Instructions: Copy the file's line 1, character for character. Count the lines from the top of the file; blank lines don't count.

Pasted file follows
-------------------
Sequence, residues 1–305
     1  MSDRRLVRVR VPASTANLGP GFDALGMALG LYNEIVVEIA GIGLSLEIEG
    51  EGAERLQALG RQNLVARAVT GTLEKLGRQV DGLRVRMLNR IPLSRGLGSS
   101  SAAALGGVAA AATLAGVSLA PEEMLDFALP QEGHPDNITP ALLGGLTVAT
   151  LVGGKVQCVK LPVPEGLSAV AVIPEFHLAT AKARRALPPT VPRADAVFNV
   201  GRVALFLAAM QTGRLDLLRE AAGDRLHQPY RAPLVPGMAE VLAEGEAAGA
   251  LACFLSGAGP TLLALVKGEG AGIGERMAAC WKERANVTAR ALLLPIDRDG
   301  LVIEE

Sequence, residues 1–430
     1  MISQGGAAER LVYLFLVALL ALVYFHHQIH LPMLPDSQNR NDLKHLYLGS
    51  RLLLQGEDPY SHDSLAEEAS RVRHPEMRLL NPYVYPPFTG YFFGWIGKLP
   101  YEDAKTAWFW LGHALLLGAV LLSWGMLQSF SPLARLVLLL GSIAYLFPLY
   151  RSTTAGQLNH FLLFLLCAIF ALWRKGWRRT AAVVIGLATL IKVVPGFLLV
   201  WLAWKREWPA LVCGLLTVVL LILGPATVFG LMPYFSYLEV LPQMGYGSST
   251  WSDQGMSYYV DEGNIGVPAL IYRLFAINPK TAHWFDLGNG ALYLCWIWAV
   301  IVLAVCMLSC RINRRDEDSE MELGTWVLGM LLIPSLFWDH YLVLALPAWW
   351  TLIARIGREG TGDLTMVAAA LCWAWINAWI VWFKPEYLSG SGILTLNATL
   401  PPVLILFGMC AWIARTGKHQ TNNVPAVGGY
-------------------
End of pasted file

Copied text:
Sequence, residues 1–305